- Massive increase in military spending $325 billion in 1980 to $456 billion in 1987
- Re-started neutron bomb development in 1981 - could kill armoured soliders by radiation but not destroy buildings or contaminate land like other nuclear bombs
- Invested funding in building two bombers - one traditional type, other called 'stealth bomber' could avoid country's defences
- Sped up development of Peacekeeper missiles, more accurate than current missiles
- Installed Cruise missiles in Europe in 1983, took 10 minutes to reach USSR
- Announced Strategic Defense Initiative in 1983, defensive shield of laser technology to intercept and destroy incoming missiles
- Assisted mujahidin in Afghan War by providing money and arms, American politicians saw Afghan as Soviet Vietnam so determined to make everything as difficult as possible, exhaust Soviet economy
SDI, (Star Wars) would mean end of Mutually Assured Destruction and worried USSR immensely. Upset balance between superpowers and made USSR vulnerable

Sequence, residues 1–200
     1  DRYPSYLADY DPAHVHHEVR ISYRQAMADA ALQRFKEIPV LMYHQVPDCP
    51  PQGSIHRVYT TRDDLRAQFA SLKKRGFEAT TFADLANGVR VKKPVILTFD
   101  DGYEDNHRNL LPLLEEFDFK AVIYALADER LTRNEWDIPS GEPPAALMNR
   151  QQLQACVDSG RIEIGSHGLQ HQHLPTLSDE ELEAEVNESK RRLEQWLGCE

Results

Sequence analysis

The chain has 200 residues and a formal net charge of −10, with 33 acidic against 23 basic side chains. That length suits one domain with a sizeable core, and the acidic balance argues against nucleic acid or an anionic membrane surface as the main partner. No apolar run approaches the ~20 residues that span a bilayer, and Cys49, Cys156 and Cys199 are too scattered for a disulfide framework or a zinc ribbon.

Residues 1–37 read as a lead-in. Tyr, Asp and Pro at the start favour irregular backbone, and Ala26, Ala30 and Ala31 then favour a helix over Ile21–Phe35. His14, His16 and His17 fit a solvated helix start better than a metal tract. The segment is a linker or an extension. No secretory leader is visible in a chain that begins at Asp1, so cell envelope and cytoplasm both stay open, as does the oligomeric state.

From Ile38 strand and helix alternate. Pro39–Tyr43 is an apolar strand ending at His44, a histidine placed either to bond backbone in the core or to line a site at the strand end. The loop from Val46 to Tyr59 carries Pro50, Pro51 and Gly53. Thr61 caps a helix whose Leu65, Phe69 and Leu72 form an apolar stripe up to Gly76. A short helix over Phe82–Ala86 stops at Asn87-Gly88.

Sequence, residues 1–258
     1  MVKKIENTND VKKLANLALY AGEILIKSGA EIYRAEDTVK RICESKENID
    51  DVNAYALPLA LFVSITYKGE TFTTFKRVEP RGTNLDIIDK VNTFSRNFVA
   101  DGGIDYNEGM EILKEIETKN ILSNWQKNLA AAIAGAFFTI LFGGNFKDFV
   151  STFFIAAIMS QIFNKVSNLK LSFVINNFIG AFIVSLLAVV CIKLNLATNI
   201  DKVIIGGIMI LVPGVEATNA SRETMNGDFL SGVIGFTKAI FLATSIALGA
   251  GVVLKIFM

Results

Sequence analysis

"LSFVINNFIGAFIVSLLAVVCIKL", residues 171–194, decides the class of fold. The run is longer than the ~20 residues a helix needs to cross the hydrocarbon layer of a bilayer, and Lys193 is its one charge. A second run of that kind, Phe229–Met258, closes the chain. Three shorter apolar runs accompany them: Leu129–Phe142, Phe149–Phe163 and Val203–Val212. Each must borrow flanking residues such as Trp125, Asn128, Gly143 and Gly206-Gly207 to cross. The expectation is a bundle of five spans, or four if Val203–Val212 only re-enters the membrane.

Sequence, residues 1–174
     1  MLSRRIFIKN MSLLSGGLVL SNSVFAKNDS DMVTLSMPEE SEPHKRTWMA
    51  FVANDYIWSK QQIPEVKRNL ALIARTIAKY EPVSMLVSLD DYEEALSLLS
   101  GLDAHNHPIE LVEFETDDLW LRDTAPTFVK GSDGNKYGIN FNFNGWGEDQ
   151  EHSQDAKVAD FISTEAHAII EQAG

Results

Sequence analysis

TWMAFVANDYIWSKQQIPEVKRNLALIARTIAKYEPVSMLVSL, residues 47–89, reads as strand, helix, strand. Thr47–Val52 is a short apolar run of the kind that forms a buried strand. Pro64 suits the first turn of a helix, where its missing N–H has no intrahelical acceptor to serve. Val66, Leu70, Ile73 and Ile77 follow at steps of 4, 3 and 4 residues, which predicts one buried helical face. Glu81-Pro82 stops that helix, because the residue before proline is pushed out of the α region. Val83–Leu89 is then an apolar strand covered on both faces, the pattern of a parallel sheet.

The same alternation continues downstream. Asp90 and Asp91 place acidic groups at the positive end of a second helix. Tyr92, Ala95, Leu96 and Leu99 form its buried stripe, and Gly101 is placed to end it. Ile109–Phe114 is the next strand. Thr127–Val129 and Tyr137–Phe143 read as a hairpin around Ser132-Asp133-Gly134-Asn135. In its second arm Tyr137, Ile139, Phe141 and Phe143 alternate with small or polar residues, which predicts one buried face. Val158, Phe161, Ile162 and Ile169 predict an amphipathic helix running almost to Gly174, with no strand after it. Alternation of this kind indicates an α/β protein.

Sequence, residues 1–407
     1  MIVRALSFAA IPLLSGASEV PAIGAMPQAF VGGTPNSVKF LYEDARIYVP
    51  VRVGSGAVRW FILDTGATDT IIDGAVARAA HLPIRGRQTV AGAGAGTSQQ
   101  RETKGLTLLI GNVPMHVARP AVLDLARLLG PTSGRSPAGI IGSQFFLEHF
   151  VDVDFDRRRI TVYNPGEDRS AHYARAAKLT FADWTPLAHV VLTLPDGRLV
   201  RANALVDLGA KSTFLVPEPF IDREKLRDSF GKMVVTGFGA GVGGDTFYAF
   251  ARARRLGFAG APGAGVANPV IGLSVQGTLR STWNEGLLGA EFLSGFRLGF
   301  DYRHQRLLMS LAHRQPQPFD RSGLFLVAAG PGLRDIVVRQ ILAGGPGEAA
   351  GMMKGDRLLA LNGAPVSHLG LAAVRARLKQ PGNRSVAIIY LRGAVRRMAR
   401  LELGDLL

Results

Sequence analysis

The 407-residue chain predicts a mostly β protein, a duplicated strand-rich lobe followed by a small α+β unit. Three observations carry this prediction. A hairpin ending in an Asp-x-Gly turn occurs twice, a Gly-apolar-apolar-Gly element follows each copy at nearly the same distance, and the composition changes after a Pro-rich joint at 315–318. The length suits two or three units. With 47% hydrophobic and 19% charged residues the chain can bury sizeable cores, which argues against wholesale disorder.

Formation of first independent trade union in Poland, roots in poor standard of living for Polish people in 1970s. 1970, series of price increases led to strikes and marches resulting in civilian deaths. More price rises and shortage of basic foods such as bread caused more disaffection with communist government in 1976.
1978 Pope John Paul II, Polish Cardinal elected. Visited Poland a year later. Communist governments try to remove religion but Polish Catholicism too strong, most people Roman Catholic and Pope and Church strongly supported Solidarity to challenge government and raise people's standard of living. Polish people more aware how far they were behind those in West.
Opposition first showed in Gdansk shipyard 1980, two popular workers (one was Lech Walesa) had been dismissed and government increased price of meat and allowed no wage rises. Workers in shipyard refused to work and locked themselves in shipyard in protest. Lech Walesa became leader and put forward 21 demands including right to form independent trade unions, end of censorship, more freedom for Church and improvements in national health system.